Leadership and collaboration emerged as more crucial than ever in the CQCs State of Care report that was published today. This is the CQCs annual overview of health and adult social care in England.
It has been able to draw on the findings of its new ratings system across all of the sectors regulated by the body.
The analysis shows that, despite increasingly challenging circumstances, many services have managed to either improve or maintain quality.
More than 80 per cent of GP practices and six out of ten of adult social care services inspected so far have been rated as good or outstanding. Of the hospitals rated, 38 per cent were also found to be good or outstanding.
However, alongside these encouraging findings, there remains significant variation in quality and an unacceptable level of poor care. Up to 31 May 2015, 7 per cent of acute, primary medical and adult social care services had been rated as inadequate.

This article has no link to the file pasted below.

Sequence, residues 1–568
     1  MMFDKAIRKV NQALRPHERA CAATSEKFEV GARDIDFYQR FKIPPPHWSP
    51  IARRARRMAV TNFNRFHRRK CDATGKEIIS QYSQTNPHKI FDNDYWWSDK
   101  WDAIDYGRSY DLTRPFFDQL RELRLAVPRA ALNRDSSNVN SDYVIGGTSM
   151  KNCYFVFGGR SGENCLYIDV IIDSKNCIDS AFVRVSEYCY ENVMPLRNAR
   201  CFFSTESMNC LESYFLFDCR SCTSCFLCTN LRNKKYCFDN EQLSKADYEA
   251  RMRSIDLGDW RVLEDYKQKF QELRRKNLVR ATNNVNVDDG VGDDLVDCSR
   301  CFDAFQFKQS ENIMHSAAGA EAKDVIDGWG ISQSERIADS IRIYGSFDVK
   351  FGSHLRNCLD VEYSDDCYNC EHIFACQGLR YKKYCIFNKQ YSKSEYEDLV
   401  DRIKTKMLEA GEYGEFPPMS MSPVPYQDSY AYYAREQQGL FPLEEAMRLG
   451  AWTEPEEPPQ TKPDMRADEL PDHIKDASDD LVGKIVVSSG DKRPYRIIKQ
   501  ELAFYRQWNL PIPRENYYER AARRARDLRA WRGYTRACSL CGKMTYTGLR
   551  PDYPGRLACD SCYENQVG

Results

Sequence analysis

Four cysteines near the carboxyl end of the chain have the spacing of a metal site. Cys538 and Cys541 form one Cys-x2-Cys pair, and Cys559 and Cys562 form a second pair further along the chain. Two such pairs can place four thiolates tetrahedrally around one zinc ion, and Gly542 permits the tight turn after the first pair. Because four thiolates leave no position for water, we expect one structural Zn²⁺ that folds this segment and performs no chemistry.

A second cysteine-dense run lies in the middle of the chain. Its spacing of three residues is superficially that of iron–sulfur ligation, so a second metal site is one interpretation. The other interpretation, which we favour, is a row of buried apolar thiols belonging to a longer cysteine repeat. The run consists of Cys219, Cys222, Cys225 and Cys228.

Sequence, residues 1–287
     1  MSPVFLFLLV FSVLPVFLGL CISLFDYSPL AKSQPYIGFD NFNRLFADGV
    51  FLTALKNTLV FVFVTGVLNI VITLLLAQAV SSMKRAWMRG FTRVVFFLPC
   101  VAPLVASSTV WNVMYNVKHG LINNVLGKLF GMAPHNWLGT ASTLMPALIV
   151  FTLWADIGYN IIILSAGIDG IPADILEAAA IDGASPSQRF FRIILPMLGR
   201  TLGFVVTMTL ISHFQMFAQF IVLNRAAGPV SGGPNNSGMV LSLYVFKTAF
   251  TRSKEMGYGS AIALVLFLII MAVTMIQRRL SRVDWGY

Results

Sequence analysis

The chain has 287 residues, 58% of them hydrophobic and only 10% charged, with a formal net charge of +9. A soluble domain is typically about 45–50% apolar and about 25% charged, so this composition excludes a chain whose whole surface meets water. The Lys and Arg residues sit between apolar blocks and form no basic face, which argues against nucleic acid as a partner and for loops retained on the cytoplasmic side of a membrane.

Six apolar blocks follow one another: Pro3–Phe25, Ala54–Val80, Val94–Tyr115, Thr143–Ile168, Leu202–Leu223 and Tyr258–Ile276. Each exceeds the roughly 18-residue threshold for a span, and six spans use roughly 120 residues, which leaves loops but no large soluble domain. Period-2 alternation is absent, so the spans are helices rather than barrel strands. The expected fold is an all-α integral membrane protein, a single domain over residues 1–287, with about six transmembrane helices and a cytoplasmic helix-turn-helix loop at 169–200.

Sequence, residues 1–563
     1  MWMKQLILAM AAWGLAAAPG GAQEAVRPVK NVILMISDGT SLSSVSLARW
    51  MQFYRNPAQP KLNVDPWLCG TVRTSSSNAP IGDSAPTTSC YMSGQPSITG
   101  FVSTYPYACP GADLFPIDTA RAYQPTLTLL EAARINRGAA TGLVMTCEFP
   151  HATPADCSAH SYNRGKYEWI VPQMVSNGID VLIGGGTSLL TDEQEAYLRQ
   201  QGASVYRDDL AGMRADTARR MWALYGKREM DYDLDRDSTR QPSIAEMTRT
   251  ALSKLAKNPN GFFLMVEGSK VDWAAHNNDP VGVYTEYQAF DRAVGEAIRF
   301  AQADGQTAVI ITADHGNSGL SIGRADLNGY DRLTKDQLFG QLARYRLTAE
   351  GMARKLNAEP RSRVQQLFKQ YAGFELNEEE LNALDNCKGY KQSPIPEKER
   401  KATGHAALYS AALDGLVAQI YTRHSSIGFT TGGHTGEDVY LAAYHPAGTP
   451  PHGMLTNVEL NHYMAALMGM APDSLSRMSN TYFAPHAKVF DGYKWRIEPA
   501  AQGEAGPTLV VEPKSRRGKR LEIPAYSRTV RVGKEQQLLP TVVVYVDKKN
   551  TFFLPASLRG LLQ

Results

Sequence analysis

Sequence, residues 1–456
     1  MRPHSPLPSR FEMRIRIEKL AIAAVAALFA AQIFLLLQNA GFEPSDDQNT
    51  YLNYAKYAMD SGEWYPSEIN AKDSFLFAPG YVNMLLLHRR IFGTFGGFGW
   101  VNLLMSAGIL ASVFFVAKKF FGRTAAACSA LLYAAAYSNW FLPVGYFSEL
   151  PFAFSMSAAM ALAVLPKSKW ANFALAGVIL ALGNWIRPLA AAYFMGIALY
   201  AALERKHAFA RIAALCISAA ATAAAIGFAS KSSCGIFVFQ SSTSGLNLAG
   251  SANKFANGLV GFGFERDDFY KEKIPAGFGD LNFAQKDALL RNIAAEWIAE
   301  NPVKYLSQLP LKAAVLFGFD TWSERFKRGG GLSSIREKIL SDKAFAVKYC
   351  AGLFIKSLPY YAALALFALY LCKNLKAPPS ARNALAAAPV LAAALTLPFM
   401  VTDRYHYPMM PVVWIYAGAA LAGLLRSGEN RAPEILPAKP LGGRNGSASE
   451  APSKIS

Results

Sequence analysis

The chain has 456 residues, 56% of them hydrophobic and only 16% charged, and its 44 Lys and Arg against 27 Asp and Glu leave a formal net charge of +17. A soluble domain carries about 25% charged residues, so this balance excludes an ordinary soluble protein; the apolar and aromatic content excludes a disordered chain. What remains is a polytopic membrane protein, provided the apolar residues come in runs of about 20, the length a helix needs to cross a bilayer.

Patient safety is the CQCs biggest concern across all of the services inspected. Over one in 10 hospitals and a similar proportion of adult social care services have been rated as inadequate for safety, alongside 6 per cent of GP practices and out-of-hours services.
Leadership, collaboration and having the right numbers and mix of staff to meet people's needs are key themes in the report. The coordination of care at a national and local level was also seen to play a key role in the delivery of high-quality care.
Commenting on the report, Chief Executive of CQC David Behan said: "The variation in care that we have observed is not just about the money. Good leaders are what make the difference – leaders who engage staff and people who use services and create a culture of continuous quality improvement... What is very clear is that isolated working and incremental changes are not going to be enough to meet the challenges ahead."